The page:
Seller financing is as old as real estate market itself. Often a seller desires the higher interest rates obtained from such an arrangement when compared with other types of investments, or want to spread out a tax liability. Many purchasers cannot qualify for a traditional mortgage loan, or do not want to pay the high cost of obtaining one. Some properties are not suitable as sufficient collateral for the type and amount of a loan desired from a traditional lender. Seller financing can be a solution for these scenarios and more.
Many individuals and companies also engage in the business of investing in real estate wherein properties are bought, in some instances improved or repaired, and then sold to others for occupancy, rental, or further investment.
In seller financing, often referred to as owner financing, the same core legal documents are executed as used in traditional financing: a deed from the seller to the purchaser, and a promissory note and a deed of trust from the purchaser to the seller. If the purchaser defaults under the terms of the loan, the seller can foreclose under the deed of trust in the same way as any traditional lender could.
However, seller financing has been severely restricted by the passing in of the Secure and Fair Enforcement for Mortgage Licensing Act of 2008. This federal law, whether or not valid, required all states to adopt laws licensing anyone who directly engages in the business of originating loans secured by residential real property. The State of Texas then passed the Secure and Fair Enforcement for Mortgage Licensing Act of 2009 (TX SAFE Act) which, for all intents and purposes, requires anyone be licensed who makes a loan secured by residential real estate. The law is laudable in its intent to regulate mortgage brokers but has included everyone who desires to make such a loans, even, for example, one who may only make one loan during her lifetime–that of her own residence after she moves into a new home.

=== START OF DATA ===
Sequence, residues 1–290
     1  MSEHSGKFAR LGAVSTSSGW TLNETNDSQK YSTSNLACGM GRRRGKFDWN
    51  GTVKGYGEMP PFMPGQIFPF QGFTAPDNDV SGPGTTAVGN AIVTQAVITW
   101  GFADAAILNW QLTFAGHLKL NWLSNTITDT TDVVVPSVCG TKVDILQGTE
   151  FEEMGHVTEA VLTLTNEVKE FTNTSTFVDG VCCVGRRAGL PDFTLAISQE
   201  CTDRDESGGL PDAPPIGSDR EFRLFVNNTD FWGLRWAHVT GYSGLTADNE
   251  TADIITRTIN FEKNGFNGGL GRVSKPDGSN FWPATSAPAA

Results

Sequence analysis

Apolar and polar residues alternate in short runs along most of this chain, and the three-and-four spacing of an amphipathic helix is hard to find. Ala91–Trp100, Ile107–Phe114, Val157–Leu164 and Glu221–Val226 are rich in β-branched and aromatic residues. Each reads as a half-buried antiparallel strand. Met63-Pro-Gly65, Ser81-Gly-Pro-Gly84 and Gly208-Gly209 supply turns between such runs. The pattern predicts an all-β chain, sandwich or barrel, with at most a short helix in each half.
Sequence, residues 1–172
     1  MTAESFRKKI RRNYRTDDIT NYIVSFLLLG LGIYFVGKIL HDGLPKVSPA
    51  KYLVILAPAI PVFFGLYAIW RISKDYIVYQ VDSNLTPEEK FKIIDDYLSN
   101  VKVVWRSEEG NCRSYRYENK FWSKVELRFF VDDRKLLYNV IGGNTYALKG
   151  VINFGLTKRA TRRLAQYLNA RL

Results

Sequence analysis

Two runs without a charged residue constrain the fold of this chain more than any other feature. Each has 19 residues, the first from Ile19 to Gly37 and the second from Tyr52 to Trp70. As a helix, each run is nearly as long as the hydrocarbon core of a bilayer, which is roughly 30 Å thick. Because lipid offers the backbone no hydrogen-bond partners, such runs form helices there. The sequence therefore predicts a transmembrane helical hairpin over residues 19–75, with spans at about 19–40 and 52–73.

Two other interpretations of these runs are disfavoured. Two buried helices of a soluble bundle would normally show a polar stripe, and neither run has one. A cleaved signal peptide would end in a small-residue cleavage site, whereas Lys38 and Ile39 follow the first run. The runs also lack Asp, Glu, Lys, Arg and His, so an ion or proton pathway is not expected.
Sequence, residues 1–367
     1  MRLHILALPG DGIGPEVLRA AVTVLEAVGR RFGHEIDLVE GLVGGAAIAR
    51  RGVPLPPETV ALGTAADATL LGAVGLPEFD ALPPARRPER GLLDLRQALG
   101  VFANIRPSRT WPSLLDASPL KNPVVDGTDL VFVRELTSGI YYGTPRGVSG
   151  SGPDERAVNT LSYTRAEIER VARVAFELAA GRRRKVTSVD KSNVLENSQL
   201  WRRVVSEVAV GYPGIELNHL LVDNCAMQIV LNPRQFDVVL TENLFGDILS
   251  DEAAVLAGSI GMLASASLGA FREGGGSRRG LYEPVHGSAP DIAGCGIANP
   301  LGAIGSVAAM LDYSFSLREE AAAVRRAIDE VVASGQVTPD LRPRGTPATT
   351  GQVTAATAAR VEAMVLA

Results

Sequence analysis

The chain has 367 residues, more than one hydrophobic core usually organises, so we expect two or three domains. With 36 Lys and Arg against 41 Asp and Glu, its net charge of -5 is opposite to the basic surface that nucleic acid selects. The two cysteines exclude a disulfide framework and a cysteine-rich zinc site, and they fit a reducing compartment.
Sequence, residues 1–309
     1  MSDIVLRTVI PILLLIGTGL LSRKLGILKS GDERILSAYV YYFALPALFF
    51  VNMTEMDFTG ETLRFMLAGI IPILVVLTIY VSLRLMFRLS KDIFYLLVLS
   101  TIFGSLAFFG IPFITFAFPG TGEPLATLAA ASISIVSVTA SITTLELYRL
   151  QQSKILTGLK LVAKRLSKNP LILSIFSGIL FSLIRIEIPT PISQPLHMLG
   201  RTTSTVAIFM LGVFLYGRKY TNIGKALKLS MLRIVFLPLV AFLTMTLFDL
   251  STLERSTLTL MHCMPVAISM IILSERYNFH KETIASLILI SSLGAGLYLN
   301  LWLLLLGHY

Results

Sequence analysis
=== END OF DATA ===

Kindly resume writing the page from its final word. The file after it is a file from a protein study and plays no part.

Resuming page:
Jones Kimball Law Firm has closed hundreds of seller financed transactions, both residential and commercial, and can assist you in complying with current law in achieving your plans.
UPDATE: Effective August 12, 2010, pursuant to a notice issued by Douglas B. Foster, Commissioner of the Texas Department of Savings & Mortgage Lending, an individual who engages in no more than five mortgage loans in a rolling twelve month period is exempt from licensing requirements imposed by the TX SAFE Act. This rule may only be temporary, so check back for further updates.